Mary's Reviews > Fascinating Womanhood

Fascinating Womanhood by Helen B. Andelin
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Mar 13, 2010

really liked it
Read from March 13 to 21, 2010

I started out to write a pretty lengthy review of this book, because I have a lot of thoughts on it. But it all boils down to one simple point, in my opinion, which is that there is a lot of good in this book. There are also some things that just seem weird, or silly, or maybe just plain wrong. I won't say which parts I think are which, because really it's all just personal opinion and viewpoint.

But I do think this book has a lot more merit than most people give it credit for, and my advice for anyone thinking of reading it is to definitely do, but take it all with a grain of salt. Don't automatically accept everything it says, but don't automatically cast it all aside as ridiculous either. (Which, I promise you, you will be tempted to do at first). I think most of the people who have given this book scathing reviews haven't actually read it, because I know that my opinion of it changed as I kept reading.

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Comments (showing 1-9 of 9) (9 new)

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Alice Dawson One of my favorite books. It is my marriage bible. Enjoy!


Mary So far I'm having a love/hate relationship with it. Some parts and tips are so good. Other times I want to heave the book out the window. :)


Alice Dawson I think I know what you mean. It is written from a different time period. Thinking, we are not used to, but it works! I love it. I need to use it more. Don't give up on it. It is worth it!


message 4: by Dana (new) - rated it 1 star

Dana Cheryl There are so many better books on marriage out there. The "formula" found in the book stifles real communication and intimacy by replacing it with manipulation. We must be wary of any earthly advice that includes a disclaimer to hide it from our husbands. The very best way to build a marriage is to build Christ-like character. This book is based more upon literary classics than scripture and the "ideal" it creates is far from the Proverbs 31 woman which is Heavenly Father's ideal woman. Manipulation often works but it comes with a price and at its core it is a sinful practice.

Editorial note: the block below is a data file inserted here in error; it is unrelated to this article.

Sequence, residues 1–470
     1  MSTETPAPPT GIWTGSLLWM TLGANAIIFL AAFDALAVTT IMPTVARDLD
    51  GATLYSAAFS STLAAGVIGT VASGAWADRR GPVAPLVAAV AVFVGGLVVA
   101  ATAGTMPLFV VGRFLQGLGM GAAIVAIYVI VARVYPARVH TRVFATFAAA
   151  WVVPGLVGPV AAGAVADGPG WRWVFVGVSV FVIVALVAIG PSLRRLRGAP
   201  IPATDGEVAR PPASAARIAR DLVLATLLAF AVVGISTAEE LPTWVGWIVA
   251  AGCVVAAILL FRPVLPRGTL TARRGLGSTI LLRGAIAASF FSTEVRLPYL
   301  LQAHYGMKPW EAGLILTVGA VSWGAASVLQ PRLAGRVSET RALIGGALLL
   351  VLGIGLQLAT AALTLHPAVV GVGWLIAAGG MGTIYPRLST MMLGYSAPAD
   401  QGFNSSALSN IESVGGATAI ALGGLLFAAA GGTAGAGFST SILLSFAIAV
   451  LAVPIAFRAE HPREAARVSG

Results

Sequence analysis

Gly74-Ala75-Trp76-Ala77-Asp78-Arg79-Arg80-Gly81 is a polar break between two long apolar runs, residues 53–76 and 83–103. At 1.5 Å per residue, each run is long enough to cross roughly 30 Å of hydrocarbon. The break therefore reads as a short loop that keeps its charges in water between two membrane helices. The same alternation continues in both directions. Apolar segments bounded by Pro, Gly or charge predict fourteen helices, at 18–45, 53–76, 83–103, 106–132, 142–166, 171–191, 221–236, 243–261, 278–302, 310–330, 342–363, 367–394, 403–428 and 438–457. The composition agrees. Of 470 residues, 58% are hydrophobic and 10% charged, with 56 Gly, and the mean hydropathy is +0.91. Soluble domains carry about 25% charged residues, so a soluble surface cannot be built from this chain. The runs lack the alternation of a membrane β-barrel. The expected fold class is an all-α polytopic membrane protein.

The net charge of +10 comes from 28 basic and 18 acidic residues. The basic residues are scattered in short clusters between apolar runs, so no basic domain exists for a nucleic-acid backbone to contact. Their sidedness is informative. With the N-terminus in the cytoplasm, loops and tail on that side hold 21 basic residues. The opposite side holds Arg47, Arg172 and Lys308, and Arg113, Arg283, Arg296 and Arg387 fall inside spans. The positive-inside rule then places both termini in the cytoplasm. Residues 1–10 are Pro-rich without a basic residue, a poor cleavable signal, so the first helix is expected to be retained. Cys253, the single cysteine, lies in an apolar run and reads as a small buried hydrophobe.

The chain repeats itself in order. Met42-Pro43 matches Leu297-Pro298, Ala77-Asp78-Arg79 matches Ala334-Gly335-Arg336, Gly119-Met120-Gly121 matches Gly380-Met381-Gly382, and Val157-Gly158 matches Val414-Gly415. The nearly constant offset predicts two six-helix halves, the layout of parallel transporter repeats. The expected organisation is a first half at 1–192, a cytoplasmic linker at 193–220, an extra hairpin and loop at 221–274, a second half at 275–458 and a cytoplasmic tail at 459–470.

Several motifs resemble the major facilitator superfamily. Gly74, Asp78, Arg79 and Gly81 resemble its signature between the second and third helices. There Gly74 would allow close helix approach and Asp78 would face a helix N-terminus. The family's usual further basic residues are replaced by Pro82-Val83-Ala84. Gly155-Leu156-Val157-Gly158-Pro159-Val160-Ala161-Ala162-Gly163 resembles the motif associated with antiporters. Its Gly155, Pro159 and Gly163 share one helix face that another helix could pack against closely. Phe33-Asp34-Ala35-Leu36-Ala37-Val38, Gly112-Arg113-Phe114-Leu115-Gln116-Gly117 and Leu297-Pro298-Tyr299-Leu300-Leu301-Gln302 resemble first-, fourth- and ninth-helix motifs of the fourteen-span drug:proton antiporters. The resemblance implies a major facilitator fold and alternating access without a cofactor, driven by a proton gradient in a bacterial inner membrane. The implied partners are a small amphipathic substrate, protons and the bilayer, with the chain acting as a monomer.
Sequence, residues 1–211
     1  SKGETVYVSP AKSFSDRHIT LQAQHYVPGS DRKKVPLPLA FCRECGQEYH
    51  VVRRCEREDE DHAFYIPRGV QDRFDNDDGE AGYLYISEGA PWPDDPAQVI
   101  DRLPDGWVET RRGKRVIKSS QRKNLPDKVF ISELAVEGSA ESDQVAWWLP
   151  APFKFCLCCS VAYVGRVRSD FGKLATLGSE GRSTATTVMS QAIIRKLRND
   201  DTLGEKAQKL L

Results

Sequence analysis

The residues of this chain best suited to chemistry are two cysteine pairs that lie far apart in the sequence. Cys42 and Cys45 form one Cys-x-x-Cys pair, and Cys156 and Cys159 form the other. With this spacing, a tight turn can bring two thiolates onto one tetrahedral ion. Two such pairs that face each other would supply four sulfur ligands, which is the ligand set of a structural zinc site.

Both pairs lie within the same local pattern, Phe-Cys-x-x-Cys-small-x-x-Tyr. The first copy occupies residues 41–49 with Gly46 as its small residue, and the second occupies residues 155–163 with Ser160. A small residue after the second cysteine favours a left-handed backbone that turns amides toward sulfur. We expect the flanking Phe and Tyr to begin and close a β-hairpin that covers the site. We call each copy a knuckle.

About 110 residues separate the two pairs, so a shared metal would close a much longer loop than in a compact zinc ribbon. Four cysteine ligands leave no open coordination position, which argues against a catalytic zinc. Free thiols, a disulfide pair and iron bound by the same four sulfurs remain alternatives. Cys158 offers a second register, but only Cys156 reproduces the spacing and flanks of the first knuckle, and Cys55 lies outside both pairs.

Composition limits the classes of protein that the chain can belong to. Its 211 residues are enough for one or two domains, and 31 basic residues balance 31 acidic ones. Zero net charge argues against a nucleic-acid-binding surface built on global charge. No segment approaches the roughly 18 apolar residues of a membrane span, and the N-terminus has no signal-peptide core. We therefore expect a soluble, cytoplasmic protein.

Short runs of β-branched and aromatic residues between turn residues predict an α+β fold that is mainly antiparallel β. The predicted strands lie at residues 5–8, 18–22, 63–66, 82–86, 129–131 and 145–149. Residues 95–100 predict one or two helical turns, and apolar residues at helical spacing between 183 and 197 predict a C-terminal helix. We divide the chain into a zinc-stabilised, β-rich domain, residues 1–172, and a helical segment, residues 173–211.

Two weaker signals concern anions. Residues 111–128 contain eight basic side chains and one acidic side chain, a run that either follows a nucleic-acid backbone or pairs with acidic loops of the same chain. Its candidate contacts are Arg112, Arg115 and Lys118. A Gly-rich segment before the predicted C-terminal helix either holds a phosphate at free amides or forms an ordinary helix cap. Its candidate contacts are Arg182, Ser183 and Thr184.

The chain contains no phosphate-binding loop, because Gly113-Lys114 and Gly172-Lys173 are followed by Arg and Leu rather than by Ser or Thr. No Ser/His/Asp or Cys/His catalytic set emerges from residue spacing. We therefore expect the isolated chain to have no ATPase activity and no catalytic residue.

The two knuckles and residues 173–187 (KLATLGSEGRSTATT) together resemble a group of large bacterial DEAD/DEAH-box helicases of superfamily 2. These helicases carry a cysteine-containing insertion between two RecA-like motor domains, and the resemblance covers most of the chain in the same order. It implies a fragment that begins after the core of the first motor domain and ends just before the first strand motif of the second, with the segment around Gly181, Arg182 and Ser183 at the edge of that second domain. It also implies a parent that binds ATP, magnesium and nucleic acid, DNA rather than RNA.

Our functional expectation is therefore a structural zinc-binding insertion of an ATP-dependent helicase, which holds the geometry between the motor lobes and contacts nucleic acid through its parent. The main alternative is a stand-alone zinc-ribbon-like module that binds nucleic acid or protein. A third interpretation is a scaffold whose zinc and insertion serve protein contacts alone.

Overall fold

message 5: by Tina (new)

Tina Thank you Dana Cheryl. This book should not be read. But of course if a woman is looking for an excuse not to have to work and wants to stay home and eat bonbons all day, then by all means read the book.


Mary Not trying to start a "Mommy Wars" discussion, but I am a stay at home mom. I do not eat bonbons all day, and I do, in fact, work. I always hope women can support each other in our individual roles and choices.


message 7: by Dana (last edited Apr 11, 2014 05:33PM) (new) - rated it 1 star

Dana Cheryl Mary, I really don't believe that Tina meant you any insult. Rather, I think it's just one of those infamous online misunderstandings. As I read it she was commenting about the author's ridiculous assertions that women curl their hair daily, always wear makeup, and never wear denim. In order for a woman to "fix herself up" as the author insists she really couldn't be very busy around the house. The author is really calling women to return to the more formal standard of living in days past. I'm from the South and we're much more formal than most people and it truly does take a lot of time away from more important things like snuggling with little ones, making a mess with finger paints, and generally living an open, honest, joyous, Christ-centered life.


Mary Dana, I really appreciate your peace-making comment, truly. I didn't think she was insulting me personally, but I did feel like she was critiquing women not working outside the home, and that hits a sore spot with me. I hope she (and you) also don't misunderstand my comment, because I don't want to come across as against working mothers either. We all do what we feel is best or necessary for our families. All I want is for us to not tear each other down or make false assumptions. As far as the book goes, I honestly read it so long ago that I can't really comment on it anymore because my memory of it is dim. I do believe that women should do at least a little towards making ourselves presentable, for our husbands, yes (and I can't for the life of me see how making an effort for my husband is a bad thing), but also just for ourselves. I'm not saying I spend hours in front of the mirror every day, but I also don't go around in yoga pants and no makeup every day either. I think there's a balance, and every woman should find where she is comfortable and happy. And I'm definitely all for making messes with finger paints and doing my best to live a Christ-centered life. :)


message 9: by Tina (new)

Tina Oh Dana please accept my apology. All my friends who are at-home Moms are working Moms 24/7. Unlike women with jobs, a stay-at-home mom never gets to "leave work". My strong complaint with the book is that it supports the idea of making your husband think you can't do anything for yourself, shouldn't understand the finances, and that a woman should pretend to be helpless with minor tools and repairs around the house. Women crossed our continent in covered wagons with babies on their backs. We can love and honor our men and be feminine women AND be strong and wise. I believe our men depend on it. And in these economic times it is not wise for a woman to be ignorant of the finances of her family as the book advises. Just because we know how the budget is made and where the money goes doesn't make us the boss it makes us a a team with our husbands.


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